I caught a glimpse of her on the trampoline as I wiped the dining room table clean. Out of the corner of my eye, I saw her long blonde hair dancing wildly in each gust of wind. I turned to watch her and my heart fell. She wasn’t jumping or rolling or dancing the way she usually does. She was sitting, legs crossed, back to the wind. Just sitting. No smile crossed her lips. Instead, she scowled unblinkingly across the yard.
This little girl of mine is always feeling something big. Whether it’s ecstatic joy or the darkest sadness, she doesn’t ever seem to just . . .be. So when something hard comes along, I know to expect big feelings. And big tears.
And sometimes I just don’t understand that.
See, while she’s out in the wind, leaning into her feelings, acknowledging her own hurt, I’m inside furiously wiping counters and tables, straightening pillows and making beds. Desperately avoiding the hurt and the tears. I used to be really good at this. My husband and sister like to point out all the times I didn’t cry when I should’ve. I’m been called the Ice Queen.
So maybe it’s the fact that I’m over 30 now and my body is just done with it, or maybe I’m just tired of holding it all in, but I put my towel down and walked out into the wind and sat next to my daughter. We scowled at the yard together while our hair whipped our faces and we cried together and we told each other how this hard thing is just the worst. And then we bounced. And we laughed.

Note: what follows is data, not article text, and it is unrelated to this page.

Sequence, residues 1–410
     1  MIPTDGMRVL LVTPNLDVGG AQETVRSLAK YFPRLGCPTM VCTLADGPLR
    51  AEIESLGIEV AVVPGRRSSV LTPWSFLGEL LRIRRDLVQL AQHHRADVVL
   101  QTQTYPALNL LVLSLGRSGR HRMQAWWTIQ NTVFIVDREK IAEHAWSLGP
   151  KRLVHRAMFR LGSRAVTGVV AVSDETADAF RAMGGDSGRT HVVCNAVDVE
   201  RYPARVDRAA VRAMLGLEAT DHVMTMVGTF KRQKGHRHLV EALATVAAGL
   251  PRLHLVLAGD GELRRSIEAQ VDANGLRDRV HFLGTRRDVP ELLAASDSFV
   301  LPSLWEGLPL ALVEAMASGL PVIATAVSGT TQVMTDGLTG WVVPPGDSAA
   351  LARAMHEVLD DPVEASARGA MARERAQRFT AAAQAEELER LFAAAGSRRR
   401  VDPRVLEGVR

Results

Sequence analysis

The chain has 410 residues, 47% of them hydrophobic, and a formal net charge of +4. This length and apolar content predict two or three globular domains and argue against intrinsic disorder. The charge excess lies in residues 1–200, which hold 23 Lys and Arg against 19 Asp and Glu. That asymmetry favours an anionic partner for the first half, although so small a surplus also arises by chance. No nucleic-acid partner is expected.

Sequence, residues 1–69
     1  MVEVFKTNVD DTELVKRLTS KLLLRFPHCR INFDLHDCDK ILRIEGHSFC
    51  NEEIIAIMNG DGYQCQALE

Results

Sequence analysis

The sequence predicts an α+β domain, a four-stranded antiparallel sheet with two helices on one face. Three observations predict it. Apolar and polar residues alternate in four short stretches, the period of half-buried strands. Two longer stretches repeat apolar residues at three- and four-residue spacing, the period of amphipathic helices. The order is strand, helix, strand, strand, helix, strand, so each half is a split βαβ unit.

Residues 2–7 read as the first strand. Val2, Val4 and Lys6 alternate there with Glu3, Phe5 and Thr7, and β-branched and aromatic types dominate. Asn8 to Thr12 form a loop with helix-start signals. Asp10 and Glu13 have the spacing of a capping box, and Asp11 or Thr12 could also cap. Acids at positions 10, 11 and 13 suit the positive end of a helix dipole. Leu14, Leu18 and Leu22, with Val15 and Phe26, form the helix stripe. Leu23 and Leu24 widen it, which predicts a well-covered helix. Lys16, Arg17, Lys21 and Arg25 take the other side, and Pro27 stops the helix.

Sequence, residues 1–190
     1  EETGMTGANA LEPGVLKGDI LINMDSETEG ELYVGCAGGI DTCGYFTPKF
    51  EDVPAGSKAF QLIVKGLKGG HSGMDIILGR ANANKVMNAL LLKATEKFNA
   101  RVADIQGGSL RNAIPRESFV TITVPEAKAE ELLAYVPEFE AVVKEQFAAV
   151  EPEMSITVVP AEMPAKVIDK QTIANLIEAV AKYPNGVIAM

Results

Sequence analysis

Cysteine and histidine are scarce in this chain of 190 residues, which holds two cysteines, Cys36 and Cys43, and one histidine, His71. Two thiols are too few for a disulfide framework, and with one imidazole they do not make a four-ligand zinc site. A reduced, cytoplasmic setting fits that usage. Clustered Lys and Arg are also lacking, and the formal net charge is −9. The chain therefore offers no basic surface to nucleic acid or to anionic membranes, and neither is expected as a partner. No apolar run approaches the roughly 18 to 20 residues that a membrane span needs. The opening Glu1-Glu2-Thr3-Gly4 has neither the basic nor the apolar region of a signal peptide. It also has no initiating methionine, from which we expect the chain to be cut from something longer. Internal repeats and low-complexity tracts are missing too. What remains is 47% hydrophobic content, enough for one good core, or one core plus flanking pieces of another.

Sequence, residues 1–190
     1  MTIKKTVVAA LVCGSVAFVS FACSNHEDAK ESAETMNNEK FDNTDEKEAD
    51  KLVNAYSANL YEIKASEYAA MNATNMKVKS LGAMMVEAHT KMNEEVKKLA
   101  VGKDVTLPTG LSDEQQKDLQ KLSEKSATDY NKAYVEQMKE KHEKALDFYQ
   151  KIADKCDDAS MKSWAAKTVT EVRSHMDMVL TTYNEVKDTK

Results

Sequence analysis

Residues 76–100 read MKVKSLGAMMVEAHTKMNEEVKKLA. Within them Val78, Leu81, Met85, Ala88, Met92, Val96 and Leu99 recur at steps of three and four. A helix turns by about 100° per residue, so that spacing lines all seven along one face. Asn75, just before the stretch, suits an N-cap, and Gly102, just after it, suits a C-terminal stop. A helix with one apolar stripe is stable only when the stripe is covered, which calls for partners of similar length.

We felt our way through yesterday. We let ourselves cry and yell and then smile and laugh.
Today, as hard as this is to write and as much as it doesn’t make sense, I’m thankful for hard things. I’m thankful for the strength that’s uncovered and the vulnerability revealed. I’m thankful for all the feelings that bring us closer to the people we care about.
I’m thankful for hard things because at the end of them I can look back and see how God has worked everything together and how He’s gotten me through.
I know there will be more tears and that this particular hard thing is far from over. And when it’s over, a new hard thing will come in its place. We can chose to dwell on the hardness, on the pain and the struggle. Or, even amidst the tears and sadness, we can embrace our feelings and then fight to chose joy.
What are you thankful for?